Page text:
When you’re working to settle a debt on your own, you want to do everything in writing. This is especially true if you’re making formal debt settlement agreements. Creditors and collectors will try to get you to agree to things over the phone. Don’t fall for it! Ask them to send you their proposal in writing. Avoid saying anything that acknowledges that you’re obligated to repay the debt. You can use these debt settlement letter templates to negotiate everything in writing.
Always validate a debt before you start negotiating with a collector!
The first step in any debt settlement negotiation with a collection agency is to validate that you owe the debt. When a debt settlement company calls you, ask the representative to send you a letter validating that the debt is yours and that they have a legal right to collect. They have five days to do so under the Fair Debt Collection Practices Act (FDCPA).
The Consumer Financial Protection Bureau provides a detailed free letter template asking a collector for information about the debt. If you receive the letter and believe that you do not owe the debt, then you have 30 days from the date you receive the notification letter to dispute that you owe the debt. The CFPB has a letter for that, too.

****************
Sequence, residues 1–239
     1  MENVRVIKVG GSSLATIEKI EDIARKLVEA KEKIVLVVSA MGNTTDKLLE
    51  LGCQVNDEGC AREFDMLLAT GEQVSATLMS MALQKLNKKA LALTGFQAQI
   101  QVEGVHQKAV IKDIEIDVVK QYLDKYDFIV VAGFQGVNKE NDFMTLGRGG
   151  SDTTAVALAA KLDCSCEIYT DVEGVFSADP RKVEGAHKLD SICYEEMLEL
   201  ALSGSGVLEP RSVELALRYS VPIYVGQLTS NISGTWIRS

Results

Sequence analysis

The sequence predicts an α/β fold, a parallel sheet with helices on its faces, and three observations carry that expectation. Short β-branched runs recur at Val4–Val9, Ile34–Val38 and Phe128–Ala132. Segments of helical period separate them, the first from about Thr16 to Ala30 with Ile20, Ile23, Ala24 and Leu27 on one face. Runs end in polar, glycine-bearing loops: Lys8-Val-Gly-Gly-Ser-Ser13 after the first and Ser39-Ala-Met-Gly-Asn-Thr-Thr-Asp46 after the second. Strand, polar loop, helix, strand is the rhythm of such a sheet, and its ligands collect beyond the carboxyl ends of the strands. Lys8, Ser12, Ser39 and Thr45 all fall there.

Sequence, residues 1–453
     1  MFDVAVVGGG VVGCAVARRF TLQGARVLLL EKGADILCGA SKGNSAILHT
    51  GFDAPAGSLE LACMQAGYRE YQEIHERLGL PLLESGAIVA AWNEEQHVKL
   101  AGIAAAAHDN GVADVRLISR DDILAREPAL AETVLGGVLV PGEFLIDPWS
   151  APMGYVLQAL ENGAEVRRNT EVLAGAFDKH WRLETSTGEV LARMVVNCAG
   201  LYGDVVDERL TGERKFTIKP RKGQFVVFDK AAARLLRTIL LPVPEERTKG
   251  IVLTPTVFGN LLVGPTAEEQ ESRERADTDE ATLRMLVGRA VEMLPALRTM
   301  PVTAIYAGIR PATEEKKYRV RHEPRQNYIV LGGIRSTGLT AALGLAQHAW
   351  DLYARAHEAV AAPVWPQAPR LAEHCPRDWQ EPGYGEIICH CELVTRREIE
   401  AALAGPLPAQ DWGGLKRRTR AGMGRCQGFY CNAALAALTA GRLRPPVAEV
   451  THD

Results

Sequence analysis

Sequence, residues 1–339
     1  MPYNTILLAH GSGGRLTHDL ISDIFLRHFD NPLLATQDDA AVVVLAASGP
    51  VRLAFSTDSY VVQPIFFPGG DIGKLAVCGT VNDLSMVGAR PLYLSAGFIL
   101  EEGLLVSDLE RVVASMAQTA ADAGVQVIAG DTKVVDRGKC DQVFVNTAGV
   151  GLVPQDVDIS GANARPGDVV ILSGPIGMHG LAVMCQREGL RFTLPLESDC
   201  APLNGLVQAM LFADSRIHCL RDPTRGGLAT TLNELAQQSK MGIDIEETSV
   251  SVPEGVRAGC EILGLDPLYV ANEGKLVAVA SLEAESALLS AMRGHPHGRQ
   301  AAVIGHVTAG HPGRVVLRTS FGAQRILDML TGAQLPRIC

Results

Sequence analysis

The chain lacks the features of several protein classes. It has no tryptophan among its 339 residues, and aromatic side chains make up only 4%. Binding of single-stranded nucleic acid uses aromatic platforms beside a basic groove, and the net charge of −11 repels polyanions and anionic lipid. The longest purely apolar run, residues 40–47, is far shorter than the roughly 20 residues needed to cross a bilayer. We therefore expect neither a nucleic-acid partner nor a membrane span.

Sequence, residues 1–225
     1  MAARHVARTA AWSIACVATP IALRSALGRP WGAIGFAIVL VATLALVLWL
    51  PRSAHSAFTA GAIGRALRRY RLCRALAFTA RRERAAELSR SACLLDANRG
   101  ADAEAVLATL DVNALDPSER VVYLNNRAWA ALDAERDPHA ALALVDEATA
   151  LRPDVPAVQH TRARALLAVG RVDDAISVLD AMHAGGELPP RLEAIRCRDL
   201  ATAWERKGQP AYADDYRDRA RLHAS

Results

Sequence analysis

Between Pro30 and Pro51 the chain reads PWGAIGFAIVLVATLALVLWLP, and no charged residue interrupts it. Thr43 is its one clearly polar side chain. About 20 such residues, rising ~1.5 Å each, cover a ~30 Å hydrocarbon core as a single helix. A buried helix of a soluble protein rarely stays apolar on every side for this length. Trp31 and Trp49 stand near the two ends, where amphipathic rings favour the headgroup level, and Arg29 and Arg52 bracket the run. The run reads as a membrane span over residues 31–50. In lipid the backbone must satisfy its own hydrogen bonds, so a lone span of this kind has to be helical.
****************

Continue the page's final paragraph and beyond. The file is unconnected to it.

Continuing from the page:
Templates are downloadable Word Doc files.
Debt settlement offer letters
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Debt settlement offer letter for an original creditor
Use this template letter to make an initial debt settlement offer if the debt is still with the original creditor. It includes a negotiating point requesting to remove any late payments or charge off statuses from your credit report.
Debt settlement offer letter for a collector
This template letter makes an initial debt settlement offer to a third-party debt collector. Use this template if your debt was sold by the original creditor to a collection agency or debt buyer. The offer includes a request for pay for delete.
Debt settlement counteroffer letters
Debt settlement counteroffer for an original creditor
This template letter makes a counteroffer when an original creditor offers you an initial settlement amount. The goal is to offer a lower amount and negotiate for a removal of the negative information from your credit history.
Debt settlement counteroffer for a debt collector
Use this template letter to make a counteroffer to a collector. You goal should be to negotiate a lower amount than what the collector offered initially. It also negotiates for pay for delete, where the creditor agrees to delete the collection account in exchange for your payment.
Download Debt.com’s settlement counteroffer template »
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Article last modified on October 26, 2021. Published by Debt.com, LLC
Barbara O’Neill, Ph.D., CFP®, Rutgers Cooperative Extension, [email protected]
Got outstanding loan balances and credit card debt? Do monthly payments seem overwhelming? You are not alone. The ability to “buy now and pay later,” coupled with slick advertising, has made living beyond one’s means very tempting. As a result, many Americans, at all income levels, went on a credit-fueled “spending spree” during the late 1990s and early 2000s. Now it’s time to pay back what we owe and get out of debt as quickly as possible.